Our continuing coverage of a complex plan that consolidates power in the United Methodist Church, explained as plainly as possible for General Conference 2016 delegate discussion.
Returning to Rome
In 2008’s Batman: The Dark Knight, Harvey Dent is at dinner with Bruce Wayne and their respective love interests. They start talking about what role Batman plays in Gotham. Dent recounts what happens when a community is in crisis:
Natascha: But this is a democracy Harvey…who appointed the Batman?
Dent: When their enemies were at the gate, the Romans would suspend democracy and appoint one man to protect the city. It wasn’t considered an honor, it was considered public service.
Rachel: And the last man they asked to protect the republic was named Caesar. He never gave up his power.
Dent: Well, I guess you either die a hero or you live long enough to see yourself become the villain.
Batman/Caesar represent a failure in the system to deal with a crisis. Since democratically-elected people couldn’t change the tide, Batman stepped in and seized authority as judge, jury, and punisher (not executioner, of course). When the people can’t fix a problem, an executive steps in who wields enormous power to fix the problem.
Likewise, when feeling threatened, today’s organizations tend to become more centralized by consolidating power in the hands of fewer and fewer–unless they consciously choose to live differently in the brave new world that seems so hostile to them.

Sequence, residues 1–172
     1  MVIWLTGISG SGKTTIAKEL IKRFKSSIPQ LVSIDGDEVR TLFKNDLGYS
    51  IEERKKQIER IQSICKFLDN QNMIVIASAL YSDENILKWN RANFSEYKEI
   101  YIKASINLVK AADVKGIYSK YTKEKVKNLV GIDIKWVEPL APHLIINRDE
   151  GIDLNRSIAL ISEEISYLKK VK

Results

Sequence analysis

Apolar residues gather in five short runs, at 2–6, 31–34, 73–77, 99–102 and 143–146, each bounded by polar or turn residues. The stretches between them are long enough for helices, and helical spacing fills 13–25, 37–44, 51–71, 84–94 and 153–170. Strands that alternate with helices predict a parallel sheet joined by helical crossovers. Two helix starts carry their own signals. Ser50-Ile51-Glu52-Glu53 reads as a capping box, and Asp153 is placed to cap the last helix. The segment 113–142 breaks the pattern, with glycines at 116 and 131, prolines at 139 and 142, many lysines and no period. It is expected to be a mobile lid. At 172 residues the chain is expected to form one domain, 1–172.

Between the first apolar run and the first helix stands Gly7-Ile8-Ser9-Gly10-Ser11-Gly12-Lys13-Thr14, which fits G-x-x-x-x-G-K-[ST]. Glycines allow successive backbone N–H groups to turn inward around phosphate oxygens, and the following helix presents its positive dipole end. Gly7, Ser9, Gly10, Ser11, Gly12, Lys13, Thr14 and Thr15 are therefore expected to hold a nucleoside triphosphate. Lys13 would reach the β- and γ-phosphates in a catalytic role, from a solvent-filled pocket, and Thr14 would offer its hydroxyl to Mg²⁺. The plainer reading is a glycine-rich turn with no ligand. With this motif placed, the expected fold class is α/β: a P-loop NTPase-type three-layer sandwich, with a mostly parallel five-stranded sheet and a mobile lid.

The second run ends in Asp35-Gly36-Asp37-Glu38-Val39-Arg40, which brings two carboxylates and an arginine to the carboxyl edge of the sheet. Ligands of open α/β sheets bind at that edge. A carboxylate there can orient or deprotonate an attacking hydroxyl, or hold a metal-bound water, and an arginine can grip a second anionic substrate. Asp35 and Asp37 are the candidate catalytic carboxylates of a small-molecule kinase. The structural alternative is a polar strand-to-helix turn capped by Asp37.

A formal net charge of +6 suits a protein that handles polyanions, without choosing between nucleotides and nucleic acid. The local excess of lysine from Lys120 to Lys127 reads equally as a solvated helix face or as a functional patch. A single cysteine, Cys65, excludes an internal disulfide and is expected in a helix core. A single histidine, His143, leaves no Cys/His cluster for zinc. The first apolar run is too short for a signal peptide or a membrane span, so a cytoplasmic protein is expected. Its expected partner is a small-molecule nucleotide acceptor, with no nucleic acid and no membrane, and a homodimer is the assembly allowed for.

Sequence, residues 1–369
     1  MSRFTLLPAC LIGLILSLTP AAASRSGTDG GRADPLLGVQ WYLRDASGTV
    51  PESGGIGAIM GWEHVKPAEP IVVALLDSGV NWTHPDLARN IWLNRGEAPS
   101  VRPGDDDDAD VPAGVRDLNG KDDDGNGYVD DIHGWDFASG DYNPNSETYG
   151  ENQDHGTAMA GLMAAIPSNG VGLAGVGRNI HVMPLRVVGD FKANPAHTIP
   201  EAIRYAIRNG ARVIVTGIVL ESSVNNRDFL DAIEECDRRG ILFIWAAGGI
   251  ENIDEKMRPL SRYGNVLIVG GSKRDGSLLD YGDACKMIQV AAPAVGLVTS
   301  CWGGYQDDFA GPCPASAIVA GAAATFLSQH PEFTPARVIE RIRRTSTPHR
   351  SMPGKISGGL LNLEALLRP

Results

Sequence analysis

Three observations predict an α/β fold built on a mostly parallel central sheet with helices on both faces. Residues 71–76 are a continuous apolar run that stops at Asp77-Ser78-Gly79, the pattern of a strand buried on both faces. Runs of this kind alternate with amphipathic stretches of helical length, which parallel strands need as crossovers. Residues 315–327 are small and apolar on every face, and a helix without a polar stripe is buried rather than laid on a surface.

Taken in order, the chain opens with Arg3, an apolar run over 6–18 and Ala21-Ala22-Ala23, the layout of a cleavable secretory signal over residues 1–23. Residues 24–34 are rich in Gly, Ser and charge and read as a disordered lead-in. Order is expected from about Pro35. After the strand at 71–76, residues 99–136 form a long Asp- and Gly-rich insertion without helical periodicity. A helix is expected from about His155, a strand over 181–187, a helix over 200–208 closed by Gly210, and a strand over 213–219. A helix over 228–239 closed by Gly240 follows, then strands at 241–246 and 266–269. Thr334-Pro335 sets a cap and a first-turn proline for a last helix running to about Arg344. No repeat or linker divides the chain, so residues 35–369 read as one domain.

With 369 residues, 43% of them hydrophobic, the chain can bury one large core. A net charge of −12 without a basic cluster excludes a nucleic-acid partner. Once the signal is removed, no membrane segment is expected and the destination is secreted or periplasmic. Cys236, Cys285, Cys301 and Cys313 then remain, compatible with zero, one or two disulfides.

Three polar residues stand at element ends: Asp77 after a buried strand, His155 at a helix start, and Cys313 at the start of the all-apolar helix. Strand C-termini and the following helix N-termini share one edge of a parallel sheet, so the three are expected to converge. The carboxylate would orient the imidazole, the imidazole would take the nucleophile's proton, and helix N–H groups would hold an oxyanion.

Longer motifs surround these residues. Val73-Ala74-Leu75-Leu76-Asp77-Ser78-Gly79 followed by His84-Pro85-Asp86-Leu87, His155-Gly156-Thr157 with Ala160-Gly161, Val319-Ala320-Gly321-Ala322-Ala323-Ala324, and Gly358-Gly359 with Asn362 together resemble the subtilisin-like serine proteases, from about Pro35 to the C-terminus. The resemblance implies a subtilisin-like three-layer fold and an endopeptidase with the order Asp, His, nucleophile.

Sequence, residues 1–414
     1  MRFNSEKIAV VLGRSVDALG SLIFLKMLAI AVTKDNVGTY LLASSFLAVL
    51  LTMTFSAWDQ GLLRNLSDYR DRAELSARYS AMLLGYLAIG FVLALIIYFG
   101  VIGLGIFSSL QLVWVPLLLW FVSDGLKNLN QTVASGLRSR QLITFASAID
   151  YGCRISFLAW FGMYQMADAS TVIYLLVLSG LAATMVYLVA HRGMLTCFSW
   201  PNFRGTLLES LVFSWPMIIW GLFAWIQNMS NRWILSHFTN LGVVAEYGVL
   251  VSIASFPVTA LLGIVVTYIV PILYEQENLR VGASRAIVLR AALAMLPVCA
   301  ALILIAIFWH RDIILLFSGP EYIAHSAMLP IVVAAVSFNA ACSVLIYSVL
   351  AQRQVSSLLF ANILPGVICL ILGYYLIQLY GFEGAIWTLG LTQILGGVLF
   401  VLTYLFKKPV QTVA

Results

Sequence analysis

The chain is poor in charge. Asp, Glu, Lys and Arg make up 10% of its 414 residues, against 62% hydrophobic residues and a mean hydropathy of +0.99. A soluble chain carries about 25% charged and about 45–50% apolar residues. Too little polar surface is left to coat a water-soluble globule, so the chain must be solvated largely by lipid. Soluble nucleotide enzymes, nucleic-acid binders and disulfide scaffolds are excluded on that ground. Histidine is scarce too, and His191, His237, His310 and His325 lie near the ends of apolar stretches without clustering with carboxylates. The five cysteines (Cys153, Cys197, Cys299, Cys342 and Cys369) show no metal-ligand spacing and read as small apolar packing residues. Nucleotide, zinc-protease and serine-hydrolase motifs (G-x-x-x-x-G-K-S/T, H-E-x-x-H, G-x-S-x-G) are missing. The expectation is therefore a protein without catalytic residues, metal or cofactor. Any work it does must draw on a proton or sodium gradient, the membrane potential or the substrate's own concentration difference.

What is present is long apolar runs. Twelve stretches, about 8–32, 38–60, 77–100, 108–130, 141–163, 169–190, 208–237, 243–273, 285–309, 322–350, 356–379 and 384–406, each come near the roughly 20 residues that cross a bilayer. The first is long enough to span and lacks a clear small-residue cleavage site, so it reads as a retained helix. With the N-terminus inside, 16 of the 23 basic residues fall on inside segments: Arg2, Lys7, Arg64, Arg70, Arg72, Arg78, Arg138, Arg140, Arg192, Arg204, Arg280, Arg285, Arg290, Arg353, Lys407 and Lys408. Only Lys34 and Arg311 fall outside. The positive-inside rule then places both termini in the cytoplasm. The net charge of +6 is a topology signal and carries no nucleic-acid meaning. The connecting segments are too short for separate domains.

Is the UMC seeking an Executive Savior?
This discussion is relevant to the United Methodist Church as it addresses the perceived crisis of decreased numbers of people in the pews and dollars in the plates, even though the recent Pew Report shows that the problem is universal across Christianity.
One of the ways some seek to weather this perceived crisis is through a global concentration of power called PlanUMC that was billed as the best way to respond to this changing world. It was ultimately defeated: you can see our coverage of this epic fail from 2011-2012 here.
However, PlanUMC is back for the 2016 General Conference’s consideration, and you can see our most recent post here about the plan. Very little has changed, so it’s important to look at why it was rejected in 2012.
PlanUMC: “Unconstitutional and Unsalvageable”
2012’s PlanUMC violated two principles of power that are commonly held in the United Methodist Church.
First, PlanUMC gave an executive committee coercive fiscal power that had been consistently reserved for General Conference. It would allow an executive board to go beyond even the fail-safe abilities of our own financial agency’s power. As Rev. Scott Campbell reflected back in 2012:
[General Conference] does not give GCFA the authority to make subjective judgments about the effectiveness of the agencies and to withhold funding on the basis of such opinions. That is precisely the power that the [CT] would have under plan UMC. This is a whole new level of authority that no body in the church has ever had before, save the General Conference. It is this kind of control that the Judicial Council removed from the General Council on Ministries in Decision 364 in 1973.
Second, PlanUMC gave the executive board coercive staffing power that had consistently been reserved for the individual program boards. Campbell points out the error: